Key subject matter experts in the CDMO can be a great resource for information that can help the drug sponsor CFO make decisions and keep PE or VC investors accurately informed. Before the project is accepted and begins, the CDMO will deliver a proposal and scope of work that contains a timeline, key milestones, and costs. This in a sense serves as a roadmap for the drug sponsor and can be a valuable resource for the CFO. CDMO scientists often have the experience and expertise to overcome development and manufacturing challenges and to know how long it takes. For example, key CDMO research and development supervisors can offer valuable insights based on their observations as to how the project is progressing, what challenges they may face and whether the timeline will be met.
And don’t forget that the CDMO also has a CFO who is responsible for managing their P&L, cash flows and balance sheet. This may be the rare occasion when the drug sponsor CFO has an empathetic partner facing the same issues of meeting the challenging demands coming from all directions. The two can find common ground as they translate scientific data to financial information. It can be a real bonus if the CDMO also has a relationship with its own PE or VC investors.
When PE establishes a controlling, or even influential, interest in a small to mid-size pharmaceutical company, change is underway. Perhaps the company was distressed and needed new leadership along with financial backing, or maybe it simply needed capital to achieve the next stage of growth and success. The PE or VC investment organization could be looking for commercial success or meet the next drug development milestone, increase the value of the pipeline, and seek a motivated buyer.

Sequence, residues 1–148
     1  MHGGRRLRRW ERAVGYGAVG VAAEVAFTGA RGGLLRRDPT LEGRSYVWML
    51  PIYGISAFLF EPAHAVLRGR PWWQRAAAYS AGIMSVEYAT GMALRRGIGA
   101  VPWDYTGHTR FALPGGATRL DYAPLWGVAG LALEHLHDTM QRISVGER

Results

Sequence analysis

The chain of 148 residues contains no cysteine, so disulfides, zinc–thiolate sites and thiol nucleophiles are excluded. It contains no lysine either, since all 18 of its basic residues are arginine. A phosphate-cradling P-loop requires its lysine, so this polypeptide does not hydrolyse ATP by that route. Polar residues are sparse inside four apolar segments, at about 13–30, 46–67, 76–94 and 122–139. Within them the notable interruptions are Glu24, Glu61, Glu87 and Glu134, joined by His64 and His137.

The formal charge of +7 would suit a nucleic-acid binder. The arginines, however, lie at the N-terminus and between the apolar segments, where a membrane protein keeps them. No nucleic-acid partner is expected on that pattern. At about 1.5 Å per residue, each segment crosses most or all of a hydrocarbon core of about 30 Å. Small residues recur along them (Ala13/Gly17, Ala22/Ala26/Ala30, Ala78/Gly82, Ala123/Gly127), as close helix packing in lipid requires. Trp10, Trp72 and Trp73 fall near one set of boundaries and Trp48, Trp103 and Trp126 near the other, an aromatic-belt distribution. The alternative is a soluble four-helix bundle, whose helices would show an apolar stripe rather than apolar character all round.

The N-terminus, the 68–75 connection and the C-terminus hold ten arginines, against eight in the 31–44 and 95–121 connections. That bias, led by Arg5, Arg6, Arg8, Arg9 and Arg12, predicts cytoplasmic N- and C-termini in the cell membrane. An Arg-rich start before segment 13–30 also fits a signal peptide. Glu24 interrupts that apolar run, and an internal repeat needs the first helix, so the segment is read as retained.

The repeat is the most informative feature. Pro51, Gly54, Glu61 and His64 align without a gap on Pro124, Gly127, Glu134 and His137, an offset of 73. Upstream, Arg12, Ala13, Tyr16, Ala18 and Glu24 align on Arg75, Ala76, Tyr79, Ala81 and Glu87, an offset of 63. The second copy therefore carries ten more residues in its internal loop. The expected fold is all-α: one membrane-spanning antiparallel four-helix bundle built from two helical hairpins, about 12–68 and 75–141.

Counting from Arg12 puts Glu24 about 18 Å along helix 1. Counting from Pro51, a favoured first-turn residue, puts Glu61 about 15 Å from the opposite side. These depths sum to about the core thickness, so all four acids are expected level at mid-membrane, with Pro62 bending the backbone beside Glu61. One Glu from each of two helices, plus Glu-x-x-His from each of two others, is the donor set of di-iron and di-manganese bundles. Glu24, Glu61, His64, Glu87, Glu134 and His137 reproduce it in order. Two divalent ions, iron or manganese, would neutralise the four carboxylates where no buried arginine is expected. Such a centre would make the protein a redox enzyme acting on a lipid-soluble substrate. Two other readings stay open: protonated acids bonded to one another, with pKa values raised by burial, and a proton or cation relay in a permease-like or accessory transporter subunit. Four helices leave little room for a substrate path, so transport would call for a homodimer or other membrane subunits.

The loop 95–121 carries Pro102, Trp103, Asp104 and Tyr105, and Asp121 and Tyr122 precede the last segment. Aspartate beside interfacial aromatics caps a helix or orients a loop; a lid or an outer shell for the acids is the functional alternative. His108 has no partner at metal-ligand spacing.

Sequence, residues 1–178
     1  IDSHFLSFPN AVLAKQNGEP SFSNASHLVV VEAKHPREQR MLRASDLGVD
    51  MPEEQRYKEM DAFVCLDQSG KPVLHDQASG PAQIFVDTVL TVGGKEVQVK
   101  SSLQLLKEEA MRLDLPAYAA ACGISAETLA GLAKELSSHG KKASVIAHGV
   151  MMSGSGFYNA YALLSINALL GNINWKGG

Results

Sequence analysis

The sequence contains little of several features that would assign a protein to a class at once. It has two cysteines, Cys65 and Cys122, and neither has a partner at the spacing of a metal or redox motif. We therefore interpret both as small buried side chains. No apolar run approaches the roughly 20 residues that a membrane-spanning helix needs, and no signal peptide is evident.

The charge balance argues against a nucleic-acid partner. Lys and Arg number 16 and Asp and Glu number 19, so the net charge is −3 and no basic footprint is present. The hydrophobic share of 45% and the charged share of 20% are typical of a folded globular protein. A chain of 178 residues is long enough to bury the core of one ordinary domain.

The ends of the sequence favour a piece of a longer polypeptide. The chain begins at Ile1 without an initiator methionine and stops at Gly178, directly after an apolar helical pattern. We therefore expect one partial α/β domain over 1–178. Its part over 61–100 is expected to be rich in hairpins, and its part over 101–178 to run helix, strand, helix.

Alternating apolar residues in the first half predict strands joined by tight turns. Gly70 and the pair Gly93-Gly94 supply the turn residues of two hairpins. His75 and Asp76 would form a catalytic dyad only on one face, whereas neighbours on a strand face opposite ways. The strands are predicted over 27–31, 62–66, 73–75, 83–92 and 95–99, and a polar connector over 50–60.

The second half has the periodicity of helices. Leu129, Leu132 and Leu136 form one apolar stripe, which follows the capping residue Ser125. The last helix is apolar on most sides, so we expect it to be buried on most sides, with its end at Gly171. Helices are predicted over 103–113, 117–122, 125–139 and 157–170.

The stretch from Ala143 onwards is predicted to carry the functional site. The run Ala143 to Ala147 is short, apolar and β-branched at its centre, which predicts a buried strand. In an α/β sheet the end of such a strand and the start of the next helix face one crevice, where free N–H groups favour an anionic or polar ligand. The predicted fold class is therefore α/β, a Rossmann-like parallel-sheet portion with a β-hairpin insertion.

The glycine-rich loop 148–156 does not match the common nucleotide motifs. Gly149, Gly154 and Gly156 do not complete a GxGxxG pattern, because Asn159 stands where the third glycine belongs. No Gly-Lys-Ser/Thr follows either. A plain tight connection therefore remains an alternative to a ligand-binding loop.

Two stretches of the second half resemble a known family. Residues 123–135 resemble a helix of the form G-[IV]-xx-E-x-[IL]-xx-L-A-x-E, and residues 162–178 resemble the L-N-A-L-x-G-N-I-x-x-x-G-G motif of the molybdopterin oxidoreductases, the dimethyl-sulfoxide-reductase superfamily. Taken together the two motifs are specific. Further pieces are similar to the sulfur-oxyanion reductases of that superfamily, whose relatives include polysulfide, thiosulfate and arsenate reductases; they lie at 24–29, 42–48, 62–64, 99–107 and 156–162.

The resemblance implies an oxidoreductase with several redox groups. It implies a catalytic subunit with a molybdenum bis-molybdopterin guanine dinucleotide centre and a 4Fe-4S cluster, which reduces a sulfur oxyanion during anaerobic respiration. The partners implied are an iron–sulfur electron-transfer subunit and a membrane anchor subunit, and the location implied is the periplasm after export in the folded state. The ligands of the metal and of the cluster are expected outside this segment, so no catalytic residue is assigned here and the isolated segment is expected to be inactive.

The relationship between investor -whether PE, VC or - angel and the pharma company is primarily about economics and the CFO is close to all the key performance indicators (KPIs). The CFO can be an influential leader who communicates progress, successes, changes, and even setbacks when they occur. Communication from the executive level is important when companies undergo change. When PE takes control of a pharma company, the CFO, for the reasons covered in the earlier sections, is ideally suited, and has the information to lead the transformation.
1. The PE Company CFO: essentials for success How CFOs in private equity companies can succeed | McKinsey “Private equity portfolio companies are crucibles for CFOs. Here are four essential priorities to get started on the right foot.”
Pharmaceutics International, Inc. (Pii) is a US-based contract development and manufacturing organization (CDMO) located in Hunt Valley, Maryland. The experienced scientists, engineers, and staff at Pii pride themselves on adroitly employing a phase appropriate method of drug development for the prudent use of their client’s resources as they solve challenging problems. In addition to offering end-to-end development services, Pii manufactures a variety of dosage forms to include complex parenteral drugs and has a wealth of analytical testing capabilities. Its Hunt Valley campus has four aseptic suites with lyophilization capabilities. Our talented professionals stand ready to help!
ABOUT THE AUTHOR
Kurt Nielsen, Ph.D.
President and CEO
Kurt Nielsen joined Pii in 2019 as President and CEO.
Dr. Nielsen is a seasoned pharmaceutical executive with over 20 years of diverse experience, most recently as the President of Lupin Somerset, responsible for all its generic and branded products. Prior to Lupin, he held the post of Vice President, U.S. Development, Portfolio and Launch Management at Sandoz Inc., where he was accountable for the U.S. development of generic, OTC and specialty brand products. Dr. Nielsen has also held positions at Catalent, where he was Senior Vice President of R&D and Chief Technology Officer, and URL Pharma where he was the Executive Vice President, Pharmaceuticals.